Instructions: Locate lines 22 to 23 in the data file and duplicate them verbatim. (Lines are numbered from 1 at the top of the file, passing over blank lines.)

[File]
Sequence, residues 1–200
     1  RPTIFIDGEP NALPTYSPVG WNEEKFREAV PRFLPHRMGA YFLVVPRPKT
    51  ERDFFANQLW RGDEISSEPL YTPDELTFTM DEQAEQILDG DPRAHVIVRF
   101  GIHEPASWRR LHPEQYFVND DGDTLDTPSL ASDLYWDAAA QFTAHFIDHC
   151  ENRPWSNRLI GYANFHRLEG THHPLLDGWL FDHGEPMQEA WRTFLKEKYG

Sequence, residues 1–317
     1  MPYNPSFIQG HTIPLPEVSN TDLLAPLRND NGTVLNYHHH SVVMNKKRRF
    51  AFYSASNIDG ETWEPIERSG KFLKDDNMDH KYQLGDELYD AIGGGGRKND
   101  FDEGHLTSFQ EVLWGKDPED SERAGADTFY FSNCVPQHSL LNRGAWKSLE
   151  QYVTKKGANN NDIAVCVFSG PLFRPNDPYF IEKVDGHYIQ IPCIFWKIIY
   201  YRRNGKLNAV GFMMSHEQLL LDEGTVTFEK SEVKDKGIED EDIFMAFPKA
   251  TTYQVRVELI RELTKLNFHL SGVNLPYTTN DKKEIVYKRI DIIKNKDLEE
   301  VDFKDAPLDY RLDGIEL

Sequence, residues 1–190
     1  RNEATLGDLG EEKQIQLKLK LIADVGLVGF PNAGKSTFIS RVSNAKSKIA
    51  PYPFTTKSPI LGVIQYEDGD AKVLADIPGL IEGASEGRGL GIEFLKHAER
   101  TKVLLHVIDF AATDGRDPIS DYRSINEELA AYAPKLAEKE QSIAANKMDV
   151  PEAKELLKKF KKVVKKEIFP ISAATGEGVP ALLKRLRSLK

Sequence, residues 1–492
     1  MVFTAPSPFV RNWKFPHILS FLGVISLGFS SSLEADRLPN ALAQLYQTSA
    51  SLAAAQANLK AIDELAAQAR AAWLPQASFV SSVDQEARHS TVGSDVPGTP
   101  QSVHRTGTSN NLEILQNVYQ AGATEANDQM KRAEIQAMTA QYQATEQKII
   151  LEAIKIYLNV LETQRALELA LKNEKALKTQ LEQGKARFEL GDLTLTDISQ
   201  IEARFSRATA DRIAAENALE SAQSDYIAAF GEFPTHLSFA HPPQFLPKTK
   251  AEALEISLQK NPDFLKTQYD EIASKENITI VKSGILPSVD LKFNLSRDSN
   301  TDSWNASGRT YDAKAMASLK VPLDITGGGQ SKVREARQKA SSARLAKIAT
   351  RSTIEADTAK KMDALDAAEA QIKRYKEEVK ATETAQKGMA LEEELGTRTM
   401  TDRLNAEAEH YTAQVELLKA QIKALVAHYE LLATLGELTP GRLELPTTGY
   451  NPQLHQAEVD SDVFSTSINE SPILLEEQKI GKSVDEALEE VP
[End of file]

   101  QSVHRTGTSN NLEILQNVYQ AGATEANDQM KRAEIQAMTA QYQATEQKII
   151  LEAIKIYLNV LETQRALELA LKNEKALKTQ LEQGKARFEL GDLTLTDISQ